Contradictions and cross currents in immigration debates and policy-making
Periodic efforts to update America’s immigration policy tend to encounter an unusual bipartisan gridlock. Democrats praise immigration for enriching a multicultural society, but fear its impacts on low-income workers and the environment. Socially conservative Republicans stress the sovereign right of a country to control its borders, while economic conservatives emphasize individual liberties to seek employment across borders. Despite general agreement that America’s current immigrant policy is “broken,” attempts at fixing it have had to grapple with a political system that also seems “broken” in the sense of having difficulty producing effective legislation.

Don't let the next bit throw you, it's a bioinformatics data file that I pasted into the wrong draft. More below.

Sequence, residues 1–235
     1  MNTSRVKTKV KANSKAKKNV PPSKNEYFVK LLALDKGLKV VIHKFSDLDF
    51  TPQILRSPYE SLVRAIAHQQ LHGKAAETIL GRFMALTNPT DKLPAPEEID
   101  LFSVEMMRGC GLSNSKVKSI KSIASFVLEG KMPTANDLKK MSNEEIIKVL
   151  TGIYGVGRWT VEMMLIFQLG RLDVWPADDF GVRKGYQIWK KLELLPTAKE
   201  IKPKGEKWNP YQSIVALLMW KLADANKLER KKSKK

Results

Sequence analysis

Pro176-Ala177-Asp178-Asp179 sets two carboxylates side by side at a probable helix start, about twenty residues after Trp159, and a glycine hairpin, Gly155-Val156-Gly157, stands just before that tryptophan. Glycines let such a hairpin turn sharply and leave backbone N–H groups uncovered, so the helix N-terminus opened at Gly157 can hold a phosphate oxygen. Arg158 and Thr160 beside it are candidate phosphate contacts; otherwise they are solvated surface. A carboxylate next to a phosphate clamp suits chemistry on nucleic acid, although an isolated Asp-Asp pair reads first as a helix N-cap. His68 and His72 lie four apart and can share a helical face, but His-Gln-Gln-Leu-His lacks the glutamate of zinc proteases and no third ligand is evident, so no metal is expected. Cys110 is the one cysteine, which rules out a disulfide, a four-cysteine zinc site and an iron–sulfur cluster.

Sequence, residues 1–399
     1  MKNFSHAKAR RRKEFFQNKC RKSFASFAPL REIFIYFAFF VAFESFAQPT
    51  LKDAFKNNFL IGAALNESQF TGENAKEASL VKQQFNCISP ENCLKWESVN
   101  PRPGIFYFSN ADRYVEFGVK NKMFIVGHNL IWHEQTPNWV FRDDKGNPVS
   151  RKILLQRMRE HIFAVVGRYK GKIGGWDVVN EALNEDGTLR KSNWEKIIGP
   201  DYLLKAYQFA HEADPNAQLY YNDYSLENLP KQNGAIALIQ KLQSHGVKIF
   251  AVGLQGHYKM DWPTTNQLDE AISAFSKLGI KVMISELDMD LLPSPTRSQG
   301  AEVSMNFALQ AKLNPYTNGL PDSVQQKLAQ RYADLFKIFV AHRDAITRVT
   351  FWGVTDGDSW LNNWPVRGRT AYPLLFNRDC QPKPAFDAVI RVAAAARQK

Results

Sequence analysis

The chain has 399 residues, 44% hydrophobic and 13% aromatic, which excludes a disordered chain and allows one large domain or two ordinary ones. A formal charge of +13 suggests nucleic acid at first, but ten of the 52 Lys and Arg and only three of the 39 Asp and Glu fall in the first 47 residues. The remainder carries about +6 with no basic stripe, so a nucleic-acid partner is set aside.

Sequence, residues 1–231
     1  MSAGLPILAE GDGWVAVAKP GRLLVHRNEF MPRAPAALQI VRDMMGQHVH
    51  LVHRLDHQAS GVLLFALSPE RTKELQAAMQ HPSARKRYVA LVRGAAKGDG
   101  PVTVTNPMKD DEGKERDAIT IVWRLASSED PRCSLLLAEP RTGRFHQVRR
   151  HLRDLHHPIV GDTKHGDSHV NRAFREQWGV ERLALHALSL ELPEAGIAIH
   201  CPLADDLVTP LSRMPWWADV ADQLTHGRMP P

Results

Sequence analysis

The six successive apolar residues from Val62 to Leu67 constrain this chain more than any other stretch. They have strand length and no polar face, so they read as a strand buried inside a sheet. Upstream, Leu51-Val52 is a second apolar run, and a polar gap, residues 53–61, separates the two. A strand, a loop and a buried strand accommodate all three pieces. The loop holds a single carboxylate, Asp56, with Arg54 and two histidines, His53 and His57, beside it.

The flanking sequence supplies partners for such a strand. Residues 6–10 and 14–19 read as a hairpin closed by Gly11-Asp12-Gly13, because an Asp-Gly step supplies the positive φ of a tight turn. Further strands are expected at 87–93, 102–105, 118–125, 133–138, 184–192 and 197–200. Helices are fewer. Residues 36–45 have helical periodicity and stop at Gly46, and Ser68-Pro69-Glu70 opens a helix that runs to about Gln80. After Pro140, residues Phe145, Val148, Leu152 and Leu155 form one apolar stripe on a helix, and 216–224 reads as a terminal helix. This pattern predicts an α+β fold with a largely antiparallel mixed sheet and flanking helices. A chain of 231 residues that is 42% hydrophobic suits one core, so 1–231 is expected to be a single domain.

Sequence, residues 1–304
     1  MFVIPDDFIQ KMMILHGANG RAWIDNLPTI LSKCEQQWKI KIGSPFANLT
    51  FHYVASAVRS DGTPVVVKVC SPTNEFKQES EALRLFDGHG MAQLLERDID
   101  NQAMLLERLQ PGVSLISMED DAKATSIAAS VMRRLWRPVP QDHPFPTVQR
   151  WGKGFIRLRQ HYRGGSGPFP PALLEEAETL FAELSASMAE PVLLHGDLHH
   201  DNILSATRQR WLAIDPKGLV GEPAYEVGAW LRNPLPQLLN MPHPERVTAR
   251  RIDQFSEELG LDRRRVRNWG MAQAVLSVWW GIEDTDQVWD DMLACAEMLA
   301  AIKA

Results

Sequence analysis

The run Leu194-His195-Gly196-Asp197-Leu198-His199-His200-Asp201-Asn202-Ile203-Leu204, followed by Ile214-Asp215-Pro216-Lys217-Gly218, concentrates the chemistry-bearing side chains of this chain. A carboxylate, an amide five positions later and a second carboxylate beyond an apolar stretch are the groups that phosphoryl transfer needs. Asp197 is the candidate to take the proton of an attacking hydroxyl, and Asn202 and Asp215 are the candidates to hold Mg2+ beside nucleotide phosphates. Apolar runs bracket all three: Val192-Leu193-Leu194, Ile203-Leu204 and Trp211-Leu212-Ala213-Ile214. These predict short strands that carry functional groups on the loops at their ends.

For more see (for example):
Drew Keeling, "In immigration debate, echoes of Ellis Island."
(Los Angeles Times, July 4, 2013)
Drew Keeling, The Business of Transatlantic Migration between Europe and the United States, 1900-1914 (Zurich: Chronos, 2012), especially chapter 5.
Daniel J. Tichenor, The Politics of Immigration Control in America (Princeton: Princeton University Press, 2002).
Aristide R. Zolberg, A Nation by Design: Immigration Policy in the Fashioning of America (Cambridge: Harvard University Press, 2006)
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